cognizance

noun

cog·​ni·​zance ˈkäg-nə-zən(t)s How to pronounce cognizance (audio)
1
: a distinguishing mark or emblem (such as a heraldic bearing)
2
a
: knowledge, awareness
had no cognizance of the situation
b
: notice, acknowledgment
take cognizance of their achievement
3

Examples of cognizance in a Sentence

They seemed to have no cognizance of the crime. take cognizance of what is happening
Recent Examples on the Web His cognizance of and desire to confront social bigotry permeated his body of work as a producer, starting with his magnum opus All in the Family. Rebecca Sun, The Hollywood Reporter, 9 Dec. 2023 The Gulf of Finland is under the cognizance of Finland (within its 12 nautical miles of territorial water), Sweden, Estonia and Russia. Eric Tegler, Forbes, 28 Nov. 2023 Courts must take cognizance. Niharika Sharma, Quartz, 29 Sep. 2021 In this scene — one of, if not the best in the film — Russell’s sweet face travels from pining to cognizance to outright fear, and just like that, Russell cements herself as a star in the making. Vulture, 29 Dec. 2022 Your in-the-moment cognizance of your hand’s location proves that neural signals must reach your brain extremely quickly. Bob Berman, Discover Magazine, 3 June 2014 Her cognizance of her husband’s changing nature is as much a part of the story as her disdain for his narcissistic drinking buddy. Radhika Seth, Vogue, 25 Oct. 2022 Mozgala, who has been with his role since the play’s 2016 premiere at Williamstown Theatre Festival, is a wry charm attack as John, with an air of confidence and cognizance of both his privilege and limitations. Naveen Kumar, Variety, 3 Oct. 2022 But since those cruelly oblivious documents took no cognizance of the African people living here, the region remains in a constant cycle of suffering, rebellion and suppression. Ron Charles, Washington Post, 23 Aug. 2022 See More

These examples are programmatically compiled from various online sources to illustrate current usage of the word 'cognizance.' Any opinions expressed in the examples do not represent those of Merriam-Webster or its editors. Send us feedback about these examples.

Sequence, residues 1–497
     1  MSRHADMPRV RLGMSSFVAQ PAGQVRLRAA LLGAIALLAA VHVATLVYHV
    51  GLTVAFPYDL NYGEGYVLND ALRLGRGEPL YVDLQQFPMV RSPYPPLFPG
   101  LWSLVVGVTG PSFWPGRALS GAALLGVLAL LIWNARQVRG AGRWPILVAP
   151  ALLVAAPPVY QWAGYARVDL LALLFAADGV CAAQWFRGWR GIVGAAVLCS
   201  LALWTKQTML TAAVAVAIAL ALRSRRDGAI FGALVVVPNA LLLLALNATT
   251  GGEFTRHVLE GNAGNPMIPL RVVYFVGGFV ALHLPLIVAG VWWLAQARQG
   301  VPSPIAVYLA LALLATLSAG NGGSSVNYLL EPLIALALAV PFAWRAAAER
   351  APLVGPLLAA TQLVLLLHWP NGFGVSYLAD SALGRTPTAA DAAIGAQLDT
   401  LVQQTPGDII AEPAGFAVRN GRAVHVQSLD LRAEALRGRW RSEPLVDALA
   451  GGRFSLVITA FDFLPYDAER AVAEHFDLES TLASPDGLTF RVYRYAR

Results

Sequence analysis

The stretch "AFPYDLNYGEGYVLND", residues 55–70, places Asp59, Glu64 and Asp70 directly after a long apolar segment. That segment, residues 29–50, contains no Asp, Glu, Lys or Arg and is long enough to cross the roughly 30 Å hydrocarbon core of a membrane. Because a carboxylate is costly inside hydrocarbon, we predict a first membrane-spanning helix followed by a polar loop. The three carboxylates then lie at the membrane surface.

Word History

Etymology

Middle English cognisaunce, latinization (after cognōscere and its derivatives) of conissaunce, conoisance "knowledge, understanding, distinguishing mark (as on a shield)," borrowed from Anglo-French conoisance, conisance, from conisant, conoissant "aware, mindful" (from present participle of conoistre "to know, be aware of," going back to Latin cognōscere "to get to know, acquire knowledge of") + -ance -ance — more at cognition

First Known Use

14th century, in the meaning defined at sense 1

Time Traveler
The first known use of cognizance was in the 14th century

Dictionary Entries Near cognizance

Cite this Entry

“Cognizance.” Merriam-Webster.com Dictionary, Merriam-Webster, https://www.merriam-webster.com/dictionary/cognizance. Accessed 4 Mar. 2024.

Kids Definition

cognizance

noun
cog·​ni·​zance ˈkäg-nə-zən(t)s How to pronounce cognizance (audio)
1
: particular knowledge
had no cognizance of the crime
2
: the act or power of fixing one's mind on something : notice, heed
take cognizance of what is happening
cognizant
-zənt
adjective

Legal Definition

cognizance

noun
cog·​ni·​zance ˈkäg-nə-zəns How to pronounce cognizance (audio)
Etymology

Old French connoissance right to acknowledge and adjudicate issues, literally, knowledge, acquaintance, from connoistre to be acquainted with

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